It's a dodgy situation, an escalation could get out of control, but that is where it is heading, unless a ceasefire takes place and negotiations begin, can't see that happening, Russia withdraws, can't see that happening either. Putin has made cock up after cock up, and his ego is badly mauled, a cornered dog is very dangerous, the situation isn't good to say the least.
 

Sepp Blatter

Ursula Fanboy
Patron
This conflict threatens to kick off again:


The problem is that Russia is a guarantor of Armenia's territory (excluding the contested enclave) according to a treaty, while Erdogan is a strong supporter of Azerbaijan - both countries have agreements with NATO. It is a very messy situation.
 

Regardless

Forum Patron
Patron
The situation is very complicated, almost 20% of Ukraine is Ethic Russian, in Donetsk ethnic Russians amount to 38%, Kharkiv 25%. That doesn't mean that they are pro Russia, obviously. A lot of the problems arose, after the Maiden rebellion, and the banning of the Russian language, and discrimination against ethnic Russians and Russian speakers.

Many Ukrainians have family both in Russia and Ukraine, the Russian forces also are split, a bit like the British occupation of NI, many British troops, have Irish heritage and policing NI was not a thing the troops wanted to do. Moral amongst the Russian troops is very low, they don't want to be there, fighting against your own kind. Outside the Azov battalions, there are other battalions comprising ethnic Russians fighting for Ukraine against Putin, they want a free Russia, so there is a lot of Russians fighting Russians.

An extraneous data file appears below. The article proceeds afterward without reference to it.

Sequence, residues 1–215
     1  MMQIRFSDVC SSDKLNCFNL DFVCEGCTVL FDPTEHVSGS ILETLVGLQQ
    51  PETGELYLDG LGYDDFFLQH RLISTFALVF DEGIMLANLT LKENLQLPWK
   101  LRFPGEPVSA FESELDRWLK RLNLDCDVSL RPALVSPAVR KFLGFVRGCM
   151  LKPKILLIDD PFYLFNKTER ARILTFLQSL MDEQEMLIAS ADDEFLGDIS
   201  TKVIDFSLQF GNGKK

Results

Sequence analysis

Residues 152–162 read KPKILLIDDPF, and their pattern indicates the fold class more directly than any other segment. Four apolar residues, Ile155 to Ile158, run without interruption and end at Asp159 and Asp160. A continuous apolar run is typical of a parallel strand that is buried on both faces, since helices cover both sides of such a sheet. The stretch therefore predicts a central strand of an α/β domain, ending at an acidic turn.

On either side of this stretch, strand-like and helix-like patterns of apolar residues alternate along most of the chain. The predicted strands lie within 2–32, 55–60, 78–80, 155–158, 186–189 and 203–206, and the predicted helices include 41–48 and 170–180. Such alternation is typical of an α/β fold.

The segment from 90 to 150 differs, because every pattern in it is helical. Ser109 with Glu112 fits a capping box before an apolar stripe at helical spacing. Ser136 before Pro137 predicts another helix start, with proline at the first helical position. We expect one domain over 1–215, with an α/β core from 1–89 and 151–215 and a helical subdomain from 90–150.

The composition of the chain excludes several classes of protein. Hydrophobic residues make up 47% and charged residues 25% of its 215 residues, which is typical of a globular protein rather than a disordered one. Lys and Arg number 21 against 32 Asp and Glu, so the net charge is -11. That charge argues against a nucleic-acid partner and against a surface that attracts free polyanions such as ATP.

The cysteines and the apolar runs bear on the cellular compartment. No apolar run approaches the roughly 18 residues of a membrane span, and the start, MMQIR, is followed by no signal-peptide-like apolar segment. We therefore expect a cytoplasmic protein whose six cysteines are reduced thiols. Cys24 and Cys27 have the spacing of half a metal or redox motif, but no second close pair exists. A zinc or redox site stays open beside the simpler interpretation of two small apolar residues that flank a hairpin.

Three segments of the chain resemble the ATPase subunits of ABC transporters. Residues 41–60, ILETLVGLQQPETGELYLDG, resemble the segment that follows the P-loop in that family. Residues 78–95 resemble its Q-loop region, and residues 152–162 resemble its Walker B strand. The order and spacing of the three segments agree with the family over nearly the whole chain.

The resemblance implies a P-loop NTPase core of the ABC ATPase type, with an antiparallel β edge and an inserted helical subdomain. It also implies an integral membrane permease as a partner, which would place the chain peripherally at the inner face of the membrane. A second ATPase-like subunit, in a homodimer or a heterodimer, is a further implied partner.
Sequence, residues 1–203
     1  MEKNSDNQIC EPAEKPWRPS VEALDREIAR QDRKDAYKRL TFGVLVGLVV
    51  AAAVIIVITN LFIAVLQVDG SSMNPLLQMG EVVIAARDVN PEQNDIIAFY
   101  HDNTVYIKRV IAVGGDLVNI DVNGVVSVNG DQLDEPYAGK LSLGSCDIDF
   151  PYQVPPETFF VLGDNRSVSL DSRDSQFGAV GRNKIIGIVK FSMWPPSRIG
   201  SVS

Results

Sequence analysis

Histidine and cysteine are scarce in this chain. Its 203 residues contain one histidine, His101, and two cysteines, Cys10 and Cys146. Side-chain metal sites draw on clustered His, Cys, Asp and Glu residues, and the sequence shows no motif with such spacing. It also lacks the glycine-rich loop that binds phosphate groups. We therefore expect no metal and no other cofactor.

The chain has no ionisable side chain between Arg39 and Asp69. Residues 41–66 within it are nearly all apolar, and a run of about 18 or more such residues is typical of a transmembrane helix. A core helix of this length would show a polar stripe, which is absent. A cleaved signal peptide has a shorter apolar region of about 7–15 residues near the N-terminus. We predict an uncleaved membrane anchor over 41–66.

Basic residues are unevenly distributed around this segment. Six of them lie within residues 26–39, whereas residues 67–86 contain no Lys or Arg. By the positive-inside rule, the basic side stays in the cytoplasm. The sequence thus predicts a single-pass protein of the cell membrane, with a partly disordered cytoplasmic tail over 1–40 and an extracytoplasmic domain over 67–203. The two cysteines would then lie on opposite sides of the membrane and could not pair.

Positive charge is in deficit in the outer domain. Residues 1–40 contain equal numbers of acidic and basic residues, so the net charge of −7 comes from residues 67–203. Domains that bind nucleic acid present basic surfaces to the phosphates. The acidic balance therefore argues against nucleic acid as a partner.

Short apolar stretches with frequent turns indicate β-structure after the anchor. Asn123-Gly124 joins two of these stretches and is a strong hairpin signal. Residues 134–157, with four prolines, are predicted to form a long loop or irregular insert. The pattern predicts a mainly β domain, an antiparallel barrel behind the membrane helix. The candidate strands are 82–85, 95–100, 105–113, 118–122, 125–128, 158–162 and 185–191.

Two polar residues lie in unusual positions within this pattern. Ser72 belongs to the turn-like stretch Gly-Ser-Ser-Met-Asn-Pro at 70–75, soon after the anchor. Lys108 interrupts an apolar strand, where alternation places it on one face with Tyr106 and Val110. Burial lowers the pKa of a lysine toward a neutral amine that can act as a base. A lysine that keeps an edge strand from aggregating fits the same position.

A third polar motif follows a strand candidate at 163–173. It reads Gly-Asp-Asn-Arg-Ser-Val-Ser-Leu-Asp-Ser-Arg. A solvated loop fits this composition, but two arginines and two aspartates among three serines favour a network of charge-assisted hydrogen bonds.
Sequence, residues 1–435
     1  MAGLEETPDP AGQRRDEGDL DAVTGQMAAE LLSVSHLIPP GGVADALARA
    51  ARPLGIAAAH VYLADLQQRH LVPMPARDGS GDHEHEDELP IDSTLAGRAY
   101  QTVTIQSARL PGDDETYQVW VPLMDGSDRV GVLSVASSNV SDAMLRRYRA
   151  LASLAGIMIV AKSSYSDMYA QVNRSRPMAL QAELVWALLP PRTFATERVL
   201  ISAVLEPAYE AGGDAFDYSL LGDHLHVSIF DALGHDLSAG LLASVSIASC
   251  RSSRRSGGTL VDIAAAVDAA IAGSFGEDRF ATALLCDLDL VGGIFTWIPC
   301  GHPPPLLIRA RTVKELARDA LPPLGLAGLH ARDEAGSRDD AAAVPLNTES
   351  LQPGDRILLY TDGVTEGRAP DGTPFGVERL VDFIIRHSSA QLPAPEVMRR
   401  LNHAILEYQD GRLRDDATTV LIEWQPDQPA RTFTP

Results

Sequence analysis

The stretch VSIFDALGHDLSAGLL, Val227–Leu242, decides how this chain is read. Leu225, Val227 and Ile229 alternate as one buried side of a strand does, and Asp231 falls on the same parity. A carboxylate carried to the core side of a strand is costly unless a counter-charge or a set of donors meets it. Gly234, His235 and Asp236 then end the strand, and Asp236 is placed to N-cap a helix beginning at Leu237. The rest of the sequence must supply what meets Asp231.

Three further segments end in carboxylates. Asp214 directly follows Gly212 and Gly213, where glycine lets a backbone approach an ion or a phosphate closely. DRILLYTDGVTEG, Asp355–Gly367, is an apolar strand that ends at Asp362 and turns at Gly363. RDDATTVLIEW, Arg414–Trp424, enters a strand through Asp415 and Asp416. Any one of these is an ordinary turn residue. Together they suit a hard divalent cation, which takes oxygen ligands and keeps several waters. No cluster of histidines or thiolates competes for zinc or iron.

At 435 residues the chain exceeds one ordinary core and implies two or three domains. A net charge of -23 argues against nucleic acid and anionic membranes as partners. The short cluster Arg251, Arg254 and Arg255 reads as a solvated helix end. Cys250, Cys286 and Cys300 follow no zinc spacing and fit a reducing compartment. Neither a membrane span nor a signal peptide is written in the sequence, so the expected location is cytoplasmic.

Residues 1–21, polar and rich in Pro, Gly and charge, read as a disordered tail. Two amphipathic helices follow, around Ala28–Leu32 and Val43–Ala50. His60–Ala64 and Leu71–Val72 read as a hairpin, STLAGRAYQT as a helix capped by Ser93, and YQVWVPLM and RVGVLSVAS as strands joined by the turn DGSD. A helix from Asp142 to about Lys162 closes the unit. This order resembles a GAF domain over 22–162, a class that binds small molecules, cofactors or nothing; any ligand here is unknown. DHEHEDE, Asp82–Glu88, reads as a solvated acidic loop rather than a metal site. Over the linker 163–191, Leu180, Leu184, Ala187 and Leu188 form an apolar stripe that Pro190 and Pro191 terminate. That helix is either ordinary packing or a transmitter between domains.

Putin got it all wrong, he should have looked at history, it took Hitler about 4/5 months to take Ukraine, even though The Russian forces had retreated out of Ukraine into Russia. Hitler had 3 million soldiers, constant bombing by 2,500 Luftwaffe, and over 3,000 tanks. Putin tried it with just over 100k soldiers. Ukraine is being supplied by Nato and have the best weapons available to sustain any offensive operation.

Putin has blown it, and unless he mounts a massive attack with troops from other parts of Russia, Russian military personnel amount to over 2 million, with about 1.2 million active servicemen. Apparently he has mobilised another 137,000 troops for Ukraine. Possibly the Federation Council or State Duma, whatever it is called, might have had enough of Putin, there is a lot of opposition and, who knows he could be removed forcibly, assassinated.

It's a dodgy situation, an escalation could get out of control, but that is where it is heading, unless a ceasefire takes place and negotiations begin, can't see that happening, Russia withdraws, can't see that happening either. Putin has made cock up after cock up, and his ego is badly mauled, a cornered dog is very dangerous, the situation isn't good to say the least.

Quite a few things that seem reasonable opinions but do you have anything to support them?
 

Regardless

Forum Patron
Patron
Concerning how so many countries joined Russia for a summit. But interesting comment from Putin - according to the BBC 6 o’clock news.

Apparently Putin thanked China for taking a balanced view about the conflict- but admitted that China had expressed ”some concerns” about it.

What does that mean? Is it another of his mind games? Is it just a statement of fact? Is it maybe Putin signalling he might be ready to try to negotiate? Or something else?

It certainly sounds significant to me.
 

Summat

First Team